Kids reveal their experiences of the Boxing Day floods
Many children lost their homes, classrooms and playgrounds…
Over the Christmas holidays 2015, many parts of the UK suffered devastating flooding. Here, six kids from the Calder Valley in West Yorkshire tell us about their experiences…
The floods were ferocious. Rivers burst their banks, rain poured down off the hills into towns and cascaded down streets. The north of England and Scotland were badly hit, with thousands of homes and businesses wrecked and people forced to move or flee their houses.
In Mytholmroyd, West Yorkshire, the water was seven foot deep on the main road through the village. Schools were affected, too. Many children lost not only their homes but also their classrooms and playgrounds.
Be sure to check out the causes of floods, here!
Yet while there was massive devastation, many of these communities came together to help in the clean-up. And strangers travelled from all around the country to help out, offering their muscles, mops and amazing cooking skills to help the people in need.
Cleo Archer, age 10
“I woke on Boxing Day morning to the deafening sound of the flood sirens. We live in Mytholmroyd, between the River Calder and the canal, and the water was already rushing over the river wall. As each house around us flooded I thought ours would, too, but we were lucky.
“It was so scary. People had to be rescued by helicopter and by boat. All the shops and my school, Burnley Road Academy, were devastated. I feel so sad for my friends whose houses were wrecked, but kind people came from all over the country, including a group of Sikhs who travelled all the way from Slough in Berkshire, to help our village recover.”
Noa Baldwin, age 7
“Early in the morning before I got up I heard flood sirens wailing, but I was half asleep so I didn’t really think about it. My cousins were meant to be coming round for home-made pizzas. My dad went to get flour and pizza toppings but he couldn’t find a single shop that was open because water had poured in and ruined lots of things. My cousins couldn’t come round because a landslide had blocked the road.
“My school, Riverside, in Hebden Bridge, flooded, so term started late and our class had to be moved upstairs! My mum and lots of other people went into town with wellies and shovels to help clean up all the mud.”
Noah Harrison-Brown, age 10
“Over Christmas, me and my family were having a small holiday in London, but we stopped our holiday early and came home because there were terrible floods where we live in Mytholmroyd. When we arrived back, our village was devastated. There was even a whole building that had fallen into the river, flowing in the centre of the village.
“The floods affected me quite a lot, but it mostly affected my mums and their shop. They are sad now. My mum said I was very calm during the floods, and that I helped out a bunch. The floods have made me feel some different feelings, like angriness and sadness. But most of all I felt happiness at the end for my mums as they did not give up.”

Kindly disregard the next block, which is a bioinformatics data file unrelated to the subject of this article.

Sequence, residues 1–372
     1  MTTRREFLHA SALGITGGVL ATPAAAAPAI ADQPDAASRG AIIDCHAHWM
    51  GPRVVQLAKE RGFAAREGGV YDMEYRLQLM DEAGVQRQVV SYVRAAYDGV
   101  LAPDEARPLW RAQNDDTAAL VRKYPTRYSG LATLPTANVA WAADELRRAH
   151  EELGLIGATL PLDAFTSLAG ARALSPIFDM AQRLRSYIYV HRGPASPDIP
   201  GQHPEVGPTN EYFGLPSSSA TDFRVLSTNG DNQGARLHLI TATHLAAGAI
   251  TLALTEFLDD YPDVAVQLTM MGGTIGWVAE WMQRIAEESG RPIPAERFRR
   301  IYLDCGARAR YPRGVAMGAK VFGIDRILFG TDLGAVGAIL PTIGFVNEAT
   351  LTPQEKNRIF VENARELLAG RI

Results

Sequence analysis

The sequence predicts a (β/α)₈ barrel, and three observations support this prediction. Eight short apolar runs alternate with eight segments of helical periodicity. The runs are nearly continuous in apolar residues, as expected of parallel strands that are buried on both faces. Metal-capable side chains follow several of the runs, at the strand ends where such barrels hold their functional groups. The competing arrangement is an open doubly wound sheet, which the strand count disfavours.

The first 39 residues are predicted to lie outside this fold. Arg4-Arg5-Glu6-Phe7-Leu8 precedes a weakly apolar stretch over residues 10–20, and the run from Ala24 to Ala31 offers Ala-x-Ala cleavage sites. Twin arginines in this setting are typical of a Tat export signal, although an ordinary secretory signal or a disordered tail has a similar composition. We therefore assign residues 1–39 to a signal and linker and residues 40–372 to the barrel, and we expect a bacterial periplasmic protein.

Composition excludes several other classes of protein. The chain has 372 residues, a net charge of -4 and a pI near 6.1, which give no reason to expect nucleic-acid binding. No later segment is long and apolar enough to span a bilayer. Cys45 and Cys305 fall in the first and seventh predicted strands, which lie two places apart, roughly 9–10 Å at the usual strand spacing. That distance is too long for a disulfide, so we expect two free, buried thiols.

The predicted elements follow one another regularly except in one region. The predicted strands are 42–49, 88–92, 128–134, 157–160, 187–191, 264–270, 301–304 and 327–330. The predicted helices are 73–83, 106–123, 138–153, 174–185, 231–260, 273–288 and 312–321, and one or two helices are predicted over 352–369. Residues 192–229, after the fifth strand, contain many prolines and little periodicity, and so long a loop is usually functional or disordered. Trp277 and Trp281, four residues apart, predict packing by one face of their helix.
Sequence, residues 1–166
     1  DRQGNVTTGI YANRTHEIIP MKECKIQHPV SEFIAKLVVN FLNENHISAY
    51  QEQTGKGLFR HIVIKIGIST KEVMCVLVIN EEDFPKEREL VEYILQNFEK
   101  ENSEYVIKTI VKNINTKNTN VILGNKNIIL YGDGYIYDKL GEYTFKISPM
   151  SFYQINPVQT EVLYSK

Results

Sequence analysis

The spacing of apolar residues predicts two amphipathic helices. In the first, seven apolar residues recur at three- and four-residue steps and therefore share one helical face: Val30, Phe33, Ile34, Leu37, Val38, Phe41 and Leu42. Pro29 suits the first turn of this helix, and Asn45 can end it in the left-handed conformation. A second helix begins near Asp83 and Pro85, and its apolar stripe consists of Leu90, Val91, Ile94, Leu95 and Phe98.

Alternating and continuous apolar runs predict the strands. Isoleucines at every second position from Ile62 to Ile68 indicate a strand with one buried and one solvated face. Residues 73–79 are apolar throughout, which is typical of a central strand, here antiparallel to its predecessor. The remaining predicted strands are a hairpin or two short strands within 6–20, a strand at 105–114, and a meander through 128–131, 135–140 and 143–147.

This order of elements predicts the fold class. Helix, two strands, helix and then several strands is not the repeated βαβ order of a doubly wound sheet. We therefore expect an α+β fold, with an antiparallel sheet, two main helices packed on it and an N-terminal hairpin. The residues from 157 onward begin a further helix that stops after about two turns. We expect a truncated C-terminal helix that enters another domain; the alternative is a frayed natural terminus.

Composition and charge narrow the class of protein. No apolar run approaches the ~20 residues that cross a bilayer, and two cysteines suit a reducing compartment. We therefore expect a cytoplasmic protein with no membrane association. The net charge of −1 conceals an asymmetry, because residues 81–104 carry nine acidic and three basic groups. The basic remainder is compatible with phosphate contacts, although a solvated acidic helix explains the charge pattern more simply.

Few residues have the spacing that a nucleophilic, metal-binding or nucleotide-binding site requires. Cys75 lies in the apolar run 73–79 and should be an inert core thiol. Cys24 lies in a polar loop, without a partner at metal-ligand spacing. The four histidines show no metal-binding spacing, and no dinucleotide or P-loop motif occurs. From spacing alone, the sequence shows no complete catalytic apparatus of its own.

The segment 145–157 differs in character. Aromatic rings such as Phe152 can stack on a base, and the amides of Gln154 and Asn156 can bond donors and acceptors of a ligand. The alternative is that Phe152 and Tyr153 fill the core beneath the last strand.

Mala Yorke, age 10
“I was planning to have a nice day with my family, but when I went downstairs my mum looked worried. “I’m looking forward to going to the Shepherd’s Rest for lunch.” I said. Mum shook her head, “I’m afraid we won’t be going anywhere today,” my mum said, “Hebden Bridge has flooded!”
“The water was gushing down our lane as fast as a viper trying to catch a cheetah. My dad went to investigate. When he got back, he was as wet as a dolphin. He told me he had seen a canal barge on the towpath! Things are better now but WHAT A TRAGIC DAY!”
Archie Beaney, age 9
“The flood affected many people in many ways, but this is my story of how a pleasant Christmas became something entirely different.
I had gone away for Christmas to my sisters in Nottingham with a planned return for Boxing day. As we drove back my mum was concerned as she heard on the radio of flooding in Calderdale. I searched Hebden Bridge on my mum’s phone, clicking on an image of Market Street. I was shocked yet also excited because I thought cars would be drifting about, I also thought hopefully I could save someone and become a hero.
I thought that it would be a bit like a movie, people swimming down streams using bathtubs as boats, fish swimming around my living room, toys from shops drifting freely through clean, transparent water, then suddenly……
A shop collapses into the river in Mytholmroyd
“My mum realised she might not be able to drive back into town. If the electrics in our house had gone she also would have no food or warmth. Worse still, if our house was flooded where would we go? Where would I sleep? How would I change my clothes?
As we drove through Hebden I noticed I was completely wrong. It was very different to my flood fantasy, people crying, homes destroyed, businesses ruined. One child I saw had lost all his Christmas presents. It suddenly seemed a lot less fun.
Christmas had ended early.”
Honey Grace Andrews, age 10
“My Christmas was amazing, up until Boxing Day when my garden got very badly flooded. One of my chickens sadly drowned in the flood. All my neighbours’ houses and garages were very badly flooded, too. Everybody helped by passing water and other drinks around.
“All of the adults helped to build a damn out of wood and stones to try and stop the water going into people’s houses. I have lived in Luddendenfoot for ten years and it’s never flooded this bad. The people who were affected the most where those who lived in the bungalows. They saved everything they could and moved out immediately. I feel so sorry for everybody’s Christmas presents that got lost in the floods. I’m so grateful that I didn’t get flooded.”